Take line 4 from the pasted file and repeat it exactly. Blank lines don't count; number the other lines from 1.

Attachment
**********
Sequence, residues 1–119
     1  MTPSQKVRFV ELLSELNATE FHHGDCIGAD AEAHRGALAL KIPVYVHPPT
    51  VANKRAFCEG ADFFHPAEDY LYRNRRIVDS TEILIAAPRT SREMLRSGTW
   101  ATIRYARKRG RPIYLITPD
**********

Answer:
   101  ATIRYARKRG RPIYLITPD